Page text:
2017 was a good year for strong female characters in Bollywood, says film critic Shubhra Gupta, but does that mean it's finally starting to change the way it portrays women?
No sex please, we are Bollywood.
But come to us and we will give you, in no particular cringe-making order, a collection of thrusting pelvises and heaving bosoms in our songs and dances, and a dispiriting series of female leading ladies bringing up the rear.
These are the visuals which swim up whenever there is any kind of conversation around the portrayal of women in Bollywood.
Actually, not just Bollywood. The female lead as a decorative prop has been a mainstay in all major film industries in India. If there is a hero, he is at the forefront; a heroine's chief job is to worship and adore, and get out of the way when the heroes come out to play.
It wasn't always like this.
Just like the feisty yesteryear ladies of Hollywood, there were Bollywood heroines standing up and being counted. Those were the early years of cinema, and filmmakers were using movies as a tool to explore taboo topics like caste and class.
But things changed after the socially-conscious 1950s. During and after the 1960s, when entertainment became the chief metric of the movies, the gaze has been so primarily male that female actors became, largely, secondary citizens.
Mothers feed their sons gaajar-halwa (a popular homemade carrot dessert); sisters tie rakhi (a Hindu ritual centred around trying a thread on the wrist as a form of protection) on brothers' wrists and hope to be "protected"; wives, or about-to-be-wives, fast for the long lives of their husbands.
In the mid 1990s, Karan Johar, one of the chief architects of "new Bollywood", released his first film Kuch Kuch Hota Hai which had leading man Shah Rukh Khan finally discovering his true love.
Leading lady Kajol's character was fashioned as a tomboy who sports short hair and briskly dribbles a basketball. Only when she shows up in a seductive chiffon sari, and lets him win on court, does she become worthy of his attentions.
The film was a huge hit, and it became a template for the modern Bollywood romance.
Johar now acknowledges that he didn't do the right thing by pushing the tomboy in the background, which left the impression that only those women who adopt saris and act coy will get their man.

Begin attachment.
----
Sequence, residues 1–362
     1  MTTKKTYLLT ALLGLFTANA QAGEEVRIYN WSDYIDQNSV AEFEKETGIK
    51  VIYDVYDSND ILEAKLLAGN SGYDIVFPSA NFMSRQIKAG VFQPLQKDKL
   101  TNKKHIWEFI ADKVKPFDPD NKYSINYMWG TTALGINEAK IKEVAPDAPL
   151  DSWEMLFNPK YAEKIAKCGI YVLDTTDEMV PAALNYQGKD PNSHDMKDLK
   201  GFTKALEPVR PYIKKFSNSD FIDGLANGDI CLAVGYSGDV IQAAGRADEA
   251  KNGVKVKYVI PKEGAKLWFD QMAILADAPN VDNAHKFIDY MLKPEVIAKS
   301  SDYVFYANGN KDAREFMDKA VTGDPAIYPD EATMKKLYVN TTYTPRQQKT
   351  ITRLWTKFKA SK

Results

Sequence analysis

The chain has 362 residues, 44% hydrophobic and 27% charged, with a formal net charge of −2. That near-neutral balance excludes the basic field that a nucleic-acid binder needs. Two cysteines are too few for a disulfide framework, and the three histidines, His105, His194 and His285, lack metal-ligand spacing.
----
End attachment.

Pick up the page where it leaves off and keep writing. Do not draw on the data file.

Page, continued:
Demeaning dialogues laced with misogyny are so commonplace that we don't even notice: leading ladies are often compared to cars with "shining bodywork" which need to be "pushed into action".
Getting female actors to wear sheer white and putting them under waterfalls may no longer be in vogue, but they are still, for the most part, costumed, not clothed. Cameras gliding down swaying body parts, and vulgar, double-meaning lyrics, are still an integral part of mainstream Bollywood.
It can be argued, and it has, that filmmakers reflect the fact that Indian society is deeply patriarchal and sexism and misogyny are rife.
But just as the unmasking of Miramax boss Harvey Weinstein will have, or shall we say should have, a lasting impact on how films are cast in Hollywood, a nascent but clear awareness of these practices is making its presence felt in Bollywood too.
A few feisty actresses are now beginning to bring up the perils of the "casting couch", and other perfidies peddled by the men who run Bollywood.
Filmmakers who dare to push the envelope, and subvert plot, character, and treatment have always languished on the margins.
They and their films, which speak to a contemporary, liberal India, are now inching, slowly but surely, to the centre.
Happily, 2017 was a spectacular year for strong female characters in Bollywood.
Films such as Lipstick Under My Burkha, Anarkali Of Arah, A Death In The Gunj, and Tumhari Sulu were packed with good performances, and their women were not just playing to their gendered stereotypes.
They expressed their needs, emotional and sexual, and they did things to change their circumstances, instead of snivelling and batting their eyelashes.
Of course these women are still not part of the big-budget blockbusters.
But we can take slight solace from the fact that the biggest Bollywood hit of 2017, and headed perhaps to become the biggest hit ever, Tiger Zinda Hai, had a female character kicking serious butt, alongside the male superstar.
Even better, superstar Salman Khan was not on screen taking attention away from leading lady Katrina Kaif, when she was at it.
And that's a good thing.
Shubhra Gupta is a film critic at The Indian Express newspaper